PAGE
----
The ‘Coded Bias’ documentary is ‘An Inconvenient Truth’ for Big Tech algorithms

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Director Shalini Kantayya’s documentary ‘Coded Bias’ unravels how inherent gender and racial biases get embedded in the algorithms that run our lives. There’s been no shortage of documentaries covering the perils of Big Tech. Most recently, Netflix’s The Social Dilemma made waves, for better or worse , as it leaned on insiders to unpack the manipulative designs of social media algorithms. Read Full Story

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How social media is pushing us toward 1984

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Social media platforms are manipulating users and distorting our sense of reality—just as George Orwell predicted. In his dystopian novel, Nineteen Eighty-Four , George Orwell created “Big Brother” and, with it, the perfect metaphor for Big Tech. Orwell’s “telescreens,” which can’t be switched off and which record every conversation and monitor every movement of his characters, bear striking resemblance to our smartphones. And just as telescreens automatically push programs on their viewers, social media’s algorithms today decide what we see and shape our vision of the world . Orwell’s heroes, under the Party’s surveillance, try to ban certain ideas from their minds, in a way that resembles how we are starting to monitor our thoughts and actions under the influence of the internet. Read Full Story

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The black box of justice: How secret algorithms have changed policing

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Crime prevention efforts increasingly depend on data analysis about neighborhoods. But there’s a lot we don’t know—and vast opportunities for bias. The story of predictive policing begins in the 1990s with a process developed by the New York Police Department. Today New York is one of the safest big cities in America. In 2018, 289 people were murdered in the five boroughs. The city’s murder rate—3.31 per 100,000 people—was the lowest measured in 50 years Read Full Story

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These are the ways self-regulation could fix Big Tech’s worst problems

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To better police misinformation, social media companies can curb their appetites for constant engagement. Governments and observers across the world have repeatedly raised concerns about the monopoly power of Big Tech companies and the role the companies play in disseminating misinformation. In response, Big Tech companies have tried to preempt regulations by regulating themselves . Read Full Story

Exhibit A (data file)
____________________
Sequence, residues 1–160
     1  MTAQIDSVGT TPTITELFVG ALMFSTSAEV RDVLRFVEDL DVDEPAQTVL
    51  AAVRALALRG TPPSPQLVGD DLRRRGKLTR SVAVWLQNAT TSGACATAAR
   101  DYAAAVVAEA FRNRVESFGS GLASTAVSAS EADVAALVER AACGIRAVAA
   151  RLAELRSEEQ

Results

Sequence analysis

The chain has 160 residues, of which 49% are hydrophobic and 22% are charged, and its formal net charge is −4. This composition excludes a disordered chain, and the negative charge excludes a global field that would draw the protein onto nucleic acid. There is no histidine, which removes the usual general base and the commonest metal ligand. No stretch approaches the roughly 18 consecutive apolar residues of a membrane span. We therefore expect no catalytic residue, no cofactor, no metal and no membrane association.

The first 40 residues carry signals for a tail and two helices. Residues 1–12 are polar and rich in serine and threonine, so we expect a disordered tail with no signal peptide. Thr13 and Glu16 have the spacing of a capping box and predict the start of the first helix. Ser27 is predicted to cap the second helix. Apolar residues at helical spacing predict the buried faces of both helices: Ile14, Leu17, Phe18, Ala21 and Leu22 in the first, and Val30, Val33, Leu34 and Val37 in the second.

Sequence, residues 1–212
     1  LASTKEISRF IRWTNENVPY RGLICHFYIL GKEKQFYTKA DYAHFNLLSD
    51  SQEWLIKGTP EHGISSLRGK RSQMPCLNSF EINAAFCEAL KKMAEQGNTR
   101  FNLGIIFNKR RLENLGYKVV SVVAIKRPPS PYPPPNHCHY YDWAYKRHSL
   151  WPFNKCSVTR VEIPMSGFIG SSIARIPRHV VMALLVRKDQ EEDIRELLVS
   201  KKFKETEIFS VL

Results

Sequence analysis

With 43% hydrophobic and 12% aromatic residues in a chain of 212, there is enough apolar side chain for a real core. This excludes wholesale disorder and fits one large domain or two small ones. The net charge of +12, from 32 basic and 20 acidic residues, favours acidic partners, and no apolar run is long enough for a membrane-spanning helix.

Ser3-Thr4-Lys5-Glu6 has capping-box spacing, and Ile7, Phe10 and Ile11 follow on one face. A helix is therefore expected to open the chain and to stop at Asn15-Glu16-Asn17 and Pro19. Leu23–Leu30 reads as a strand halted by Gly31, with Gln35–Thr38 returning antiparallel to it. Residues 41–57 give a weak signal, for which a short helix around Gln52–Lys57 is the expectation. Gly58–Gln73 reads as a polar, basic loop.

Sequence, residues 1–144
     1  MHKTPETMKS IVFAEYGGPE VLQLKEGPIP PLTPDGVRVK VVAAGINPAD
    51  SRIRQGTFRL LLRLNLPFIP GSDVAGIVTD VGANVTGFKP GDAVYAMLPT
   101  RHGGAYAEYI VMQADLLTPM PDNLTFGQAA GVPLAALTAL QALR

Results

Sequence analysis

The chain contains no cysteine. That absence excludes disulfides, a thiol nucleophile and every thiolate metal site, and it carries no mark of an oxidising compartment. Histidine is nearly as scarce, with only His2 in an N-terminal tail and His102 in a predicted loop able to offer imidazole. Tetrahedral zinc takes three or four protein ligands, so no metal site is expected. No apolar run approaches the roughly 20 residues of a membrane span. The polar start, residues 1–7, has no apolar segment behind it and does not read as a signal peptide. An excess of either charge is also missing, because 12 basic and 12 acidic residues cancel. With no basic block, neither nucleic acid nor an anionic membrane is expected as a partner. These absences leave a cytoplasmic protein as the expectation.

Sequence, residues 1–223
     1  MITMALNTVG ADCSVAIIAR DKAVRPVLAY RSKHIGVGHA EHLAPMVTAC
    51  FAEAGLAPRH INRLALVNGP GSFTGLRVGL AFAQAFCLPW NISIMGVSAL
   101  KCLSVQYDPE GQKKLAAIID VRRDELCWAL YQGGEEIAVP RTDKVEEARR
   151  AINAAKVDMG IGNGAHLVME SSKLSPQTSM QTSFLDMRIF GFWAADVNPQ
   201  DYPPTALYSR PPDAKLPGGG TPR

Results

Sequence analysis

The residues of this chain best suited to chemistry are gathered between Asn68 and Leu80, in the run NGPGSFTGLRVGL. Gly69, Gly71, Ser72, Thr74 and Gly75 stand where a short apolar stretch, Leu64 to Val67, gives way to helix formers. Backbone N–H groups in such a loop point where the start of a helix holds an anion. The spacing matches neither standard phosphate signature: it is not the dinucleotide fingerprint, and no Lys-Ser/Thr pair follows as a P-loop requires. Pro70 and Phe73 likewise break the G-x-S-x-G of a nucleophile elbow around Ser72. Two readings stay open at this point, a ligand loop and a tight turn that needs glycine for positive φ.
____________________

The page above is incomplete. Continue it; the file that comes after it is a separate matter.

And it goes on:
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Big Tech no longer sees its customers as humans–antitrust could change that

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Tech giants like Amazon and Facebook have lost sight of the people behind the data points. Antitrust regulation may be the best way to return empathy to tech. Big Tech CEOs—Amazon’s Jeff Bezos, Apple’s Tim Cook, Sundar Pichai of Google, and Facebook’s Mark Zuckerberg—testified yesterday before the U.S. House Judiciary antitrust subcommittee. I don’t expect much to result from this hearing. Such gatherings are largely theatrical, and yesterday’s was frequently derailed by partisan questions around liberal biases. And then there’s the fact that U.S. antitrust efforts are only a shadow of their former self, narrowly focused on consumer pricing rather than general competitive and societal impact and a far cry from the time of the Standard Oil Company, U.S. Steel Corporation, and AT&T breakups. Read Full Story

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Conservative social network Parler has shot to the top of the App Store

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The Twitter alternative is welcoming hordes of conservatives who are frustrated with election content policies on the big social networks. In the days following Joe Biden’s victory over President Donald Trump in the election, the conservative social networking app Parler has vaulted to the top of the download charts in both Apple and Google’s app stores. The app, which was founded in 2018 as a “non-biased free speech” alternative to Twitter, has pitched itself as a haven for conservatives who are frustrated with content policies on Twitter and other social networks. Read Full Story

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New study: Social media’s alleged anti-conservative bias is ‘disinformation’

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Republicans charge that social networks intentionally suppress their point of view. An NYU researcher says that the allegation doesn’t hold up. Many Republicans routinely complain that the big social networks systematically suppress right-wing viewpoints, but they’ve produced little real evidence of it. A new study from New York University finds that there is no evidence of it, and in fact finds the opposite—that social media has spread right-wing viewpoints to wider audiences than ever before. Read Full Story

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